Transforming chip and system communications - Embedded.com

Transforming chip and system communications

Smartphones, wearables, Internet of Things (IoT) devices and other mobile-connected products are growing more advanced and complicated. Designers and developers find themselves working with more and more peripherals dotted around either a printed circuit board (PCB) or other systems altogether. Systems are more densely packed with sensors and other components, and application processors and/or sensor hubs require more from their interfaces to control and transmit data to/from them.

The MIPI I3C v1.1 interface specification, announced Jan. 15, 2020, links all of these peripherals back to an application processor at higher speeds than previously possible and with greater system controllability, manageability and integrity (Figure 1). Extensible use of extra bus lanes (single, dual or quad) allows I3C v1.1 to reach an effective data rate close to 100 Mbps without requiring additional implementation complexity, cost or development cycles. And a strategically chosen array of new features delivers improvements to overall system reliability and resiliency.


Figure 1. MIPI I3C System Diagram (MIPI Alliance)

I3C v1.1 is ideal for today’s system-level implementers seeking a low-cost, off-the-shelf standardized utility bus solution with small silicon and PCB footprints and a well-defined and readily available ecosystem of peripherals, sensors and applications. Furthermore, it’s a forward-pitched solution for designers and developers. MIPI I3C has been engineered to seamlessly adapt to the next-generation challenges that tomorrow’s IoT devices, smartphones, wearables and other mobile-connected products present.

Evolving Integration Needs

To understand how powerful and perfectly timed the new capabilities in I3C v1.1 are, it is important to look at the development context in which they’ve been defined.

Almost 40 years ago, I2C transformed chip communications. Since the invention of the “Inter-Integrated Circuit” serial computer bus in 1982, virtually all of the world’s chip manufacturers have adopted I2C for short-distance communications. It emerged over the years as a de facto interface to connect low-speed peripherals to processors in electronic systems.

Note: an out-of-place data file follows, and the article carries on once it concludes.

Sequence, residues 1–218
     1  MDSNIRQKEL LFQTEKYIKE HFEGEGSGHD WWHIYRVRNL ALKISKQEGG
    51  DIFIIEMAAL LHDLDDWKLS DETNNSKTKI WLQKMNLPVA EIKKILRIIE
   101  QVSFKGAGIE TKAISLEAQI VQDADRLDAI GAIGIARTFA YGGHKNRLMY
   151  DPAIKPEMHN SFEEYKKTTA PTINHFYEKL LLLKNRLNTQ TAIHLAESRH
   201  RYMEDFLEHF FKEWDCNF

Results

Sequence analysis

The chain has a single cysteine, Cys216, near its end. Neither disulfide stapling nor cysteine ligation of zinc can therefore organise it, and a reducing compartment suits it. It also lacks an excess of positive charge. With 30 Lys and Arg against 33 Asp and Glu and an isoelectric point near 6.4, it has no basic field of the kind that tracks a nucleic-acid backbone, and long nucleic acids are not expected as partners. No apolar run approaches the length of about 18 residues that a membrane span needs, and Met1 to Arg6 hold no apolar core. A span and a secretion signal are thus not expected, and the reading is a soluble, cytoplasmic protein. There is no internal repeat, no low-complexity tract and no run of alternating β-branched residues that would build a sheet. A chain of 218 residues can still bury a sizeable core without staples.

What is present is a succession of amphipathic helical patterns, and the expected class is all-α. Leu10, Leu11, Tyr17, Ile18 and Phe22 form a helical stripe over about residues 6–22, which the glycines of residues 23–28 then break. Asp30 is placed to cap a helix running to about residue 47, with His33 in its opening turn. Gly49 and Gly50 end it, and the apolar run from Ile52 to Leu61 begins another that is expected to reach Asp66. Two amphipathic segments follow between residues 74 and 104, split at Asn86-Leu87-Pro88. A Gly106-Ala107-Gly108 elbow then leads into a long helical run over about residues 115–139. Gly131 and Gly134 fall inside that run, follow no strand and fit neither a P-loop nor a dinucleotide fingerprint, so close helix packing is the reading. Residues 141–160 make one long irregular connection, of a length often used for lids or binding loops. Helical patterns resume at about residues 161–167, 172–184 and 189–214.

However, in today’s unfolding era of increasingly diverse systems, the limitations of the venerable I2C are evident. It remains a functional resource—but not a totally trusted one in more complex product configurations and as the need for speed has evolved. Designers and developers have grown wary of the actual performance that can be achieved via I2C. They might target operating I2C at 1 MHz, for example, but when implemented in a complex system, the actual speed that can be achieved might be back down to 400 KHz.

2017 brought about another transformation. MIPI I3C was introduced to improve upon the features, performance and power utilization of I²C, while maintaining backward compatibility for most devices. The industries creating IoT devices, smartphones, wearables and other mobile-connected products came together through the MIPI I3C Working Group to create a specification that would further simplify integration of more and more sensors and other peripherals in small, space-constrained form factors. The goal was to address key pain points that many developers were dealing with when working with I2C and other legacy interfaces such as the serial peripheral interface (SPI) (Figure 2). 


Figure 2. MIPI I3C vs. I2C FM+ Data Blocks Bit Rates in Mbps (12.5 Mhz Clock) (MIPI Alliance)

Version 1.0 of MIPI I3C established a crucial baseline for the new protocol, and the specification successfully became relied upon in applications such as accelerometers, actuators, haptics feedback, infrared or ultraviolet sensing, near-field communications, time-of-flight cameras, touch screens, transducers and ultrasonic sensors. The newly introduced v1.1 is the first update to build on the MIPI I3C foundation.

Unlocking New Application Spaces

Data transport between hosts and devices can now take place across multiple lanes in all modes of I3C v1.1 (Figure 3), including the new bulk transport mode, HDR-BT. Extending from two to three wires, for example, doubles transport speed, thus reducing the time the host is “awake” and waiting to process data from the device, and thus reducing system power consumption. And dramatic rate increases can be achieved as the implementer sees fit, without necessitating the implemention of more general-purpose input/outputs (GPIOs), more advanced protocols or faster timing. This makes it simple and cost efficient for designers and developers to achieve the speed bump they need, with the tradeoffs they choose, for advanced emerging applications such as “always-on” imaging.